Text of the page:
God’s love for each of us is vast and so personal. Who we are, what we are, however it is we’ve gotten to be where we are, God knows, God lures, God loves. Rather than calling this God’s “unconditional love,” I now think of this as God’s “conditional love.” Because life is inescapably full of conditions and circumstances, changes and chances, and God’s love for us is neither theoretical nor generic. God’s love for us is real and personal, woven into the fabric of our lives from the very beginning. God so loves our own world. Read More

Seeing and Being Seen – Br. David Vryhof

Luke 19:1-10

When I was a child, I learned a song about Zaccheus.  I won’t sing it for you, but the words went like this:

            Zaccheus was a wee little man; a wee little man was he.

            He climbed up in a sycamore tree, for the Lord he wanted to see…

The fascination of the story for children, of course, is that this small but important man clamored up a tree to get a better look at the popular preacher who had come to town.  He was curious and determined, and he didn’t let his small stature deter him from realizing his goal.

We can picture him running ahead of the crowd, climbing into a tree, and looking down the road as Jesus approached.  He hides himself among the leaves, wanting to see the prophet, but not expecting to be seen by him.  And yet this is exactly what happens.  Jesus stops the procession, looks up into the branches, and summons Zaccheus to come down.  He already knows who Zaccheus is – not only that he is a tax collector, but that he is a chief tax collector – but he also perceives that there is far more to this little man than what his title and role might suggest.  Perhaps he senses Zaccheus’ present dissatisfaction with his life, or perhaps he recognizes his hunger for God.  Whatever it is, he sees something and invites Zaccheus to a life-changing conversation. Read More

Faith Seeking Understanding – Br. Geoffrey Tristram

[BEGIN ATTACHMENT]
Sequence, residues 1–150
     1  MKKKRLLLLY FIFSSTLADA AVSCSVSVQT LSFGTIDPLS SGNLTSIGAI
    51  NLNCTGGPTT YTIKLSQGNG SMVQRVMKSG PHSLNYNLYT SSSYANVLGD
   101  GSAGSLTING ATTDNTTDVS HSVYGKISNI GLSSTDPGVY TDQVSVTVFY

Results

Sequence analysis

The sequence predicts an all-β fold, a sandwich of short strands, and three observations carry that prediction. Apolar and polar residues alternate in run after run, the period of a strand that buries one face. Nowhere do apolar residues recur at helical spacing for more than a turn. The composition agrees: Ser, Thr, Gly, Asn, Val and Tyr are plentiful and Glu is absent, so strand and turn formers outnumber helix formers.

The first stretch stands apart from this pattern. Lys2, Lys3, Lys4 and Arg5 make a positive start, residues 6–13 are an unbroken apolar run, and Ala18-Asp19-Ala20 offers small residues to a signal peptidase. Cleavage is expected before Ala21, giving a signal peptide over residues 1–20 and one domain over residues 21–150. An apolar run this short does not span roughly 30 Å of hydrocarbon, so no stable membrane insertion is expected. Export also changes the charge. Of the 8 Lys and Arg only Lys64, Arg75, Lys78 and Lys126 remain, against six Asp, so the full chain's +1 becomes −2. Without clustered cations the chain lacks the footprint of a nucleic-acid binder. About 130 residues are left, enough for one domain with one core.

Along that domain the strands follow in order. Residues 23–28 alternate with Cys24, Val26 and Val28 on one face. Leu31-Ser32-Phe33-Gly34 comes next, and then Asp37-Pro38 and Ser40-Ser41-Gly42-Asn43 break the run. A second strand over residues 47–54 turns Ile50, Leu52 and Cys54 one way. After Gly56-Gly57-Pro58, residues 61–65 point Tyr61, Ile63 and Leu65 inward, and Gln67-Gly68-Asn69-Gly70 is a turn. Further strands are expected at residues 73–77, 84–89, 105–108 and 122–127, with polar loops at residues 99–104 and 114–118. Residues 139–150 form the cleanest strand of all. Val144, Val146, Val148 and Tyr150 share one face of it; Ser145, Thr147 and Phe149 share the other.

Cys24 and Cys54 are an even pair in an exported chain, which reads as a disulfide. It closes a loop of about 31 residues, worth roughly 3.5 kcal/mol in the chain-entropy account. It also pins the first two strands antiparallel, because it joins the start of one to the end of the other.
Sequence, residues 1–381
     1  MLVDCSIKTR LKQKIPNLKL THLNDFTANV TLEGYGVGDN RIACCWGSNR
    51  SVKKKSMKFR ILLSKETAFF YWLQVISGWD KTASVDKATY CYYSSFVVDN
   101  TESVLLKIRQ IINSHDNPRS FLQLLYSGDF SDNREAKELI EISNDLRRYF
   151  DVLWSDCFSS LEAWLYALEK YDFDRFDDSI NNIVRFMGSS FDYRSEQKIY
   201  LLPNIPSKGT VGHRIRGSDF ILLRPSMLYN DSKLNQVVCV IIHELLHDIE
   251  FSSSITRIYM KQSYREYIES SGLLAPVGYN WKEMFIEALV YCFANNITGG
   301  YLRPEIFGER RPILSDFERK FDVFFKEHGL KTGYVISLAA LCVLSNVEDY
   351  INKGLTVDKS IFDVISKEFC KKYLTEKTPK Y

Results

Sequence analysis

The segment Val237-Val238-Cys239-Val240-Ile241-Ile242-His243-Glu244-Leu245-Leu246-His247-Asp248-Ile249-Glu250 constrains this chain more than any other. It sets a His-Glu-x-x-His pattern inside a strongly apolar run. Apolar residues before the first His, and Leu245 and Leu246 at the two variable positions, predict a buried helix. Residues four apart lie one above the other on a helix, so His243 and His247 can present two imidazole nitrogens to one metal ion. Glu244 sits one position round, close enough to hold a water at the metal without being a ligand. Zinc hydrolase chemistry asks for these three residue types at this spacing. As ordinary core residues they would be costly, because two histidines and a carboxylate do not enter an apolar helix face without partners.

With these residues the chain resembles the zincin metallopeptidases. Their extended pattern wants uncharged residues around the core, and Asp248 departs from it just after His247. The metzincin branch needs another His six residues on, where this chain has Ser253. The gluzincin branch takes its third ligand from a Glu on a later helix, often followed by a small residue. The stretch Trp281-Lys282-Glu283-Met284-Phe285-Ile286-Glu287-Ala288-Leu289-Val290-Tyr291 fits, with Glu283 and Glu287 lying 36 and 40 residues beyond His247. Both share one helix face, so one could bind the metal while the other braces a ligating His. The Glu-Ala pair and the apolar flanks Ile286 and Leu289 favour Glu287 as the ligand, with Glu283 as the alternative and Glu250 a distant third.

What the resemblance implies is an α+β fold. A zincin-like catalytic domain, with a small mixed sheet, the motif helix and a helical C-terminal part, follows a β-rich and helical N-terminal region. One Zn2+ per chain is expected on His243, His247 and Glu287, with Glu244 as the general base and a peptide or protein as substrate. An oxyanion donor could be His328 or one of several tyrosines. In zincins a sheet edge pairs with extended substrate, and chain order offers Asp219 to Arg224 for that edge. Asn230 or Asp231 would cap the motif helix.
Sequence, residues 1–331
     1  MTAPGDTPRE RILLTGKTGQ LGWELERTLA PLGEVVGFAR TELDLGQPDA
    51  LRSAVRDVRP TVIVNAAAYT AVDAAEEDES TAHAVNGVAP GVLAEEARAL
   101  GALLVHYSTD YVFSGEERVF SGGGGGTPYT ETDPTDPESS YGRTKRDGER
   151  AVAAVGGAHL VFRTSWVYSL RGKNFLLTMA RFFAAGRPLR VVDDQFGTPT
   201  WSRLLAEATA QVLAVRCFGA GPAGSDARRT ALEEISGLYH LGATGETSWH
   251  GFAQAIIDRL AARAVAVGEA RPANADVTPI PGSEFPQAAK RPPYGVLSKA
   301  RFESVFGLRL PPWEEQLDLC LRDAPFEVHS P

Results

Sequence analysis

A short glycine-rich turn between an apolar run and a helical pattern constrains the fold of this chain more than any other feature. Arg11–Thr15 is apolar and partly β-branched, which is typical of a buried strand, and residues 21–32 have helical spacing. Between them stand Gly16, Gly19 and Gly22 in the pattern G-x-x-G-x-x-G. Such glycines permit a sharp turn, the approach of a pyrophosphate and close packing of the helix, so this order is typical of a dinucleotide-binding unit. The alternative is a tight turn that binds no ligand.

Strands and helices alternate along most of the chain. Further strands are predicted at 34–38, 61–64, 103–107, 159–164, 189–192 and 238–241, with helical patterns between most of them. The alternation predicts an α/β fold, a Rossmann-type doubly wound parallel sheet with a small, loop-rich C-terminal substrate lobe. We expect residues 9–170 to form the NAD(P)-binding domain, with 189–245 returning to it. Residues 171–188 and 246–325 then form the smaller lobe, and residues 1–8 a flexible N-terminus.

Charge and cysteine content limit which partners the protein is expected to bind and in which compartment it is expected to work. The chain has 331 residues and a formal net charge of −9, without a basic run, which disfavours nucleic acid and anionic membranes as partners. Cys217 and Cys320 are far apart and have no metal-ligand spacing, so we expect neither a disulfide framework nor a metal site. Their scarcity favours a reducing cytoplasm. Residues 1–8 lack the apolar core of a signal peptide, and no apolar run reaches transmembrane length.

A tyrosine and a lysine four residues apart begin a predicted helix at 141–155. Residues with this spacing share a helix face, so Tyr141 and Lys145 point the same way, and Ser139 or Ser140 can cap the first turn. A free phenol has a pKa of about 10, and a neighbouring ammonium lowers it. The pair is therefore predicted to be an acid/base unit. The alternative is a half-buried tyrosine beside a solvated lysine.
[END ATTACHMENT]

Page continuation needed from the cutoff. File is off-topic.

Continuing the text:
Br. Geoffrey Tristram

John 20: 19-31

The story of Jesus’ appearance to Thomas is one of the most moving in all the Gospels. And for me, the most powerful evocation of the scene is found in that amazing painting by Caravaggio, called, ‘The Incredulity of St Thomas.’. If you don’t know it I really recommend it for a meditation. Jesus is standing in the room with Thomas and two other disciples. He has just said, ‘Peace be with you’. And now, in the painting, (although the text does not tell us whether this happened), Jesus grasps Thomas’ hand and thrusts it deep into the wound in his side. Thomas and the other disciples stare with utter astonishment.  But Jesus looks tenderly at the amazed face of his friend, as he first uncovers his wound. As Jesus pulls back his robe to show the wound, it catches a ray of brilliant sunlight, and the whole scene is bathed in this light. It is a poignant moment of enlightenment, and of coming to faith for Thomas.

It was seeing Jesus’ body, in all its brokenness and woundedness which brought Thomas to belief. But this beautiful story is not a story of proof but a story of love. For me, the story of Thomas is not primarily a story of a sceptic who comes to believe because his list of doubts is answered; not an intellectual assent to something proven. The story of Thomas is rather the story of a man who comes to believe not because he has enough proof, but because he has actually touched the mystery of divine, self-sacrificial love. Read More